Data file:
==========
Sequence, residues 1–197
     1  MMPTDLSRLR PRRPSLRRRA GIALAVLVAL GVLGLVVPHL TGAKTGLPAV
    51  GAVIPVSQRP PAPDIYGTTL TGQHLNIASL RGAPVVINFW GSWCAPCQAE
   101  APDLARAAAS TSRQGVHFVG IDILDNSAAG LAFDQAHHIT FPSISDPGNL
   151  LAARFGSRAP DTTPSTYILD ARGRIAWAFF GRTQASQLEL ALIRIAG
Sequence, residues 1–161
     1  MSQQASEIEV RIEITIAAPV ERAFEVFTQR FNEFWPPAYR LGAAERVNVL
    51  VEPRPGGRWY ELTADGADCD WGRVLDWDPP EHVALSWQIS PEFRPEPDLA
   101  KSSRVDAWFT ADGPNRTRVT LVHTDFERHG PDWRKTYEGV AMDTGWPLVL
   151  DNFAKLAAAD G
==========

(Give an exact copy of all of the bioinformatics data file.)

Sequence, residues 1–197
     1  MMPTDLSRLR PRRPSLRRRA GIALAVLVAL GVLGLVVPHL TGAKTGLPAV
    51  GAVIPVSQRP PAPDIYGTTL TGQHLNIASL RGAPVVINFW GSWCAPCQAE
   101  APDLARAAAS TSRQGVHFVG IDILDNSAAG LAFDQAHHIT FPSISDPGNL
   151  LAARFGSRAP DTTPSTYILD ARGRIAWAFF GRTQASQLEL ALIRIAG
Sequence, residues 1–161
     1  MSQQASEIEV RIEITIAAPV ERAFEVFTQR FNEFWPPAYR LGAAERVNVL
    51  VEPRPGGRWY ELTADGADCD WGRVLDWDPP EHVALSWQIS PEFRPEPDLA
   101  KSSRVDAWFT ADGPNRTRVT LVHTDFERHG PDWRKTYEGV AMDTGWPLVL
   151  DNFAKLAAAD G